Last week, we encountered an octet of Italian youngsters behaving badly on the backstreets of Naples. This week, a pair of Mexican schoolboys engage in some slightly less naughty business in Esto no es Berlin (This Is Not Berlin, opening at Landmark’s Shattuck Cinemas on Friday, Aug. 30). Bad boys and cinema, it seems, remain an irresistible combination.
Happily, director Hari Sama’s film departs from the routine after its first couple of reels. Set in Mexico City a few years after the devastating 1985 quake, This Is Not Berlin is more interested in the coming of age misadventures of its character, Carlos (Xabiani Ponce de Leon) and Gera (Jose Antonio Toledano), two teenage boys hurtling pell-mell towards adulthood.
Gera’s older sister Rita (Ximena Romo Mercado) is a rebel who reads Patti Smith’s poetry in literature class; when she’s not in school she’s performing with boyfriend Tito in Manifesto, an avant-pop band frequently booked at Aztec, a super cool nightclub. An inveterate tinkerer who builds his own robots, Carlos is a dab hand at things electronic, and after fixing the band’s synthesizer begs Rita to sneak him and Gera into the club.
Reluctantly, she agrees. The Aztec is where Mexico City’s outcasts — its punks, artists, and gay and lesbian residents — come together, and it’s a real eye-opener for the boys. Carlos stops listening to Alvin Lee and Judas Priest, quickly graduating to performance art events where collectives such as Assembly On Fire destroy cars in Survival Research Laboratories fashion.
Now sporting a wacky hair-do and make-up, Carlos befriends scene veteran Nico (Mauro Sanchez Navarro), a club hanger-on who wanders the dance floor every night sucking on cigarettes and nursing cheap drinks. Meanwhile, Gera meets slimy drug dealer Ajo (David Montalvo) and experiences an unexpected sexual awakening. In the immortal words of Lulu, how do you thank someone who’s taken you from crayons to perfume? You’ll have to buy a ticket to find out.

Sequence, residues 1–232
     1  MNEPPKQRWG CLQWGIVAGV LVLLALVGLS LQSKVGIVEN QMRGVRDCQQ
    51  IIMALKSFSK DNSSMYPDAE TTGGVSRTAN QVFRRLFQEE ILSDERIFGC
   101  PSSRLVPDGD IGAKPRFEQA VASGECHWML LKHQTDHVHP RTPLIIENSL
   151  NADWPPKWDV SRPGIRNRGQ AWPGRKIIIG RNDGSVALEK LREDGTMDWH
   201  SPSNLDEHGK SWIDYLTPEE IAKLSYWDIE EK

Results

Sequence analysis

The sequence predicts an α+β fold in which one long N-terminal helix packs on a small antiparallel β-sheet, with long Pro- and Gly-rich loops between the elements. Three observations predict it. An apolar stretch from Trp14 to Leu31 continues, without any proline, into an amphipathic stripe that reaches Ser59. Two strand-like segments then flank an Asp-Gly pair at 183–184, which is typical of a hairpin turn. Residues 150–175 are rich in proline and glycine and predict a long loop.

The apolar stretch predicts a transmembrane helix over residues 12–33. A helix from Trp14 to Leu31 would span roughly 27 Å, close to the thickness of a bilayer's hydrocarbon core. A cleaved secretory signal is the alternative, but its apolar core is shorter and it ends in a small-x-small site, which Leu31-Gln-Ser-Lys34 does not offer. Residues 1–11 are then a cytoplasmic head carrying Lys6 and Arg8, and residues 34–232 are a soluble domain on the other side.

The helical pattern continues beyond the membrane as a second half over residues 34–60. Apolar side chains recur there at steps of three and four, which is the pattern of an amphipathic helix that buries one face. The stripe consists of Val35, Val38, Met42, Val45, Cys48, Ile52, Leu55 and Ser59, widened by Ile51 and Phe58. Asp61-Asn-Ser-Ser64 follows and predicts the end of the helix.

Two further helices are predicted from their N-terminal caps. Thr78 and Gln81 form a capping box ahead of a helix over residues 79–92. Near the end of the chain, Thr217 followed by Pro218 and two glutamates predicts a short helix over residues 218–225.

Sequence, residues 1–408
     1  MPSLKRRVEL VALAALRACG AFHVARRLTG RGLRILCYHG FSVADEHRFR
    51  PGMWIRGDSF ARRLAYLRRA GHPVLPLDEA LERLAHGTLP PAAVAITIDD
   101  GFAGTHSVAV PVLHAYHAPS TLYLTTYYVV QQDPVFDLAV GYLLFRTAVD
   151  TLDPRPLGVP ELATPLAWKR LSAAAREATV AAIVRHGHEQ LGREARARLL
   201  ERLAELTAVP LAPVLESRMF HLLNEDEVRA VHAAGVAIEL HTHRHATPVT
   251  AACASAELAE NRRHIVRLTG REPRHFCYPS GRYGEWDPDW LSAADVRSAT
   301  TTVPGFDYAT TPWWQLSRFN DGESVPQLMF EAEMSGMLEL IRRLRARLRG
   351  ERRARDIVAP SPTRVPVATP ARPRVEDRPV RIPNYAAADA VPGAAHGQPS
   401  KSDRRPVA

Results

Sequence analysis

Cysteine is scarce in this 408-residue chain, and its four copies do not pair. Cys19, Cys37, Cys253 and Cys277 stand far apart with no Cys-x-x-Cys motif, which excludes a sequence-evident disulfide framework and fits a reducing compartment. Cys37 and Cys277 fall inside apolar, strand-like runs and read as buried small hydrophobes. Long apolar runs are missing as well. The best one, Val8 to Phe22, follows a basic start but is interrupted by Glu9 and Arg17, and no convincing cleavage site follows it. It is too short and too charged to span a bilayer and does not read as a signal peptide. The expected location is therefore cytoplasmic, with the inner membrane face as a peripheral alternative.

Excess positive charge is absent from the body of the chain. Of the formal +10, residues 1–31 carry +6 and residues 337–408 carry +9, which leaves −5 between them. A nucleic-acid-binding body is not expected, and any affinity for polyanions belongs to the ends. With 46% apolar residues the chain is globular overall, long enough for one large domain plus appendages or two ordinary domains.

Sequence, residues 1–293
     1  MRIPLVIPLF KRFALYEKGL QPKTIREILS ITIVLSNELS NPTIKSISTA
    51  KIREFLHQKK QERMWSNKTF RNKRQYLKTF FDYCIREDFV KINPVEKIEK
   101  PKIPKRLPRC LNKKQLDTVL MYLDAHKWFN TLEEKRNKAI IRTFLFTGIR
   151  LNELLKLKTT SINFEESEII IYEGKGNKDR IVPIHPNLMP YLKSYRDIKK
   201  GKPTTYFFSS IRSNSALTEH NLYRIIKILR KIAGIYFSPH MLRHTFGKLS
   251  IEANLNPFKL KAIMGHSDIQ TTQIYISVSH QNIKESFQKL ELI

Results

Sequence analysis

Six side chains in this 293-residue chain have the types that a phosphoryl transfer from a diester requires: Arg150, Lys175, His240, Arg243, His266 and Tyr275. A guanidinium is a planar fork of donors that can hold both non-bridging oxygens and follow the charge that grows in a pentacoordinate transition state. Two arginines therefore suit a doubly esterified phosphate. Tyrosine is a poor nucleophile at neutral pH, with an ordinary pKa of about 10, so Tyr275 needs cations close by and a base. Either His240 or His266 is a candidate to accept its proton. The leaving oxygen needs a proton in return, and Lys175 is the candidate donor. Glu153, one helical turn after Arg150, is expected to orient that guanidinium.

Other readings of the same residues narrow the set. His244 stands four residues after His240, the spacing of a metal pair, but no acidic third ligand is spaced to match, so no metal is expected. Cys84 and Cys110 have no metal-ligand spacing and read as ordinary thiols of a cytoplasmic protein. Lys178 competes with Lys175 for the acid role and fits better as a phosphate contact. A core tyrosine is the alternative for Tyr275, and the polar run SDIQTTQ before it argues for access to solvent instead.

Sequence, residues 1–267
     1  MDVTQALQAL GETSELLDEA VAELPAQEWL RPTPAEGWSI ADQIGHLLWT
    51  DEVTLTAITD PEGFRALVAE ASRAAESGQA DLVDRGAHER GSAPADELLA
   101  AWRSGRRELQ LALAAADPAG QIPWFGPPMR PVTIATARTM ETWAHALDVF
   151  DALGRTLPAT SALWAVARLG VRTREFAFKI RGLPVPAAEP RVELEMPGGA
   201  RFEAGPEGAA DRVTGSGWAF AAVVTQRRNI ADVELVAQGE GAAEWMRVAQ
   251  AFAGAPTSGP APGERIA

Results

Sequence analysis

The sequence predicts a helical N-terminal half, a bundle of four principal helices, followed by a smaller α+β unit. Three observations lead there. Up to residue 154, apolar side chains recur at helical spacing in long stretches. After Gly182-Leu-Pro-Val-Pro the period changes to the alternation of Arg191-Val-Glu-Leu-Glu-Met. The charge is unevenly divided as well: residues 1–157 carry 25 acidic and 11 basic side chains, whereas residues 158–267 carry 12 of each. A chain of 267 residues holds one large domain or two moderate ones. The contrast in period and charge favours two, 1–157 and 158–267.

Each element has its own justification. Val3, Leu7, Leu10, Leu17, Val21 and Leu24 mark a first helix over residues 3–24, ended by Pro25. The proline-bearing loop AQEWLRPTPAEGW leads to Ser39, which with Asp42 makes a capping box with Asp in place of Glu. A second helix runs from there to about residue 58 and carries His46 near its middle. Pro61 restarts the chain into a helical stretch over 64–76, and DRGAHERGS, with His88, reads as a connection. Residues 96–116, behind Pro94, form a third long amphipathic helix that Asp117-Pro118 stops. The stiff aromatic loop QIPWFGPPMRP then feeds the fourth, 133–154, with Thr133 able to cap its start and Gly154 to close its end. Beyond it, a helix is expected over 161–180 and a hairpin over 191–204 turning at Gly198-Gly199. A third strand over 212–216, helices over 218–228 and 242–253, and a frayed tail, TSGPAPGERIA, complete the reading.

Though This Is Not Berlin treads some fairly well worn narrative territory, it does do a fine job recreating the music and art of the eighties. Manifesto’s music reflects the influences of the day, blending Smith-style verse with the pop nous of The Cure and the improvisational psychedelia of The Legendary Pink Dots, while two mud-daubed performers will remind avant-garde art enthusiasts of the unforgettable Kipper Kids. If you wasted your young adulthood at San Francisco’s I-Beam, you’ll definitely enjoy this film.
Screening at Pacific Film Archive at 3:30 p.m. on Saturday, Aug. 30 as part of the series ‘Movie Matinees for all Ages‘, Badkonake sefid (White Balloon) is a wonderful slice of neorealism from Iranian director Jafar Panahi. Panahi is especially skilled at making films about children and young women, and this is perhaps his best work.
Tiny Aida Mohammadkhani plays a 7-year-old entrusted by her mother to purchase a fish for New Year’s, but — as 7 year olds are wont to do — she loses the money she’s been entrusted with. Told from a child’s eye view, Panahi’s film (co-written by Abbas Kiorastami) details her quixotic quest to recover it, with a parade of kind, not-so-kind, and sometimes clueless adults helping or impeding her progress. White Balloon is thoroughly delightful, and suitable for all ages.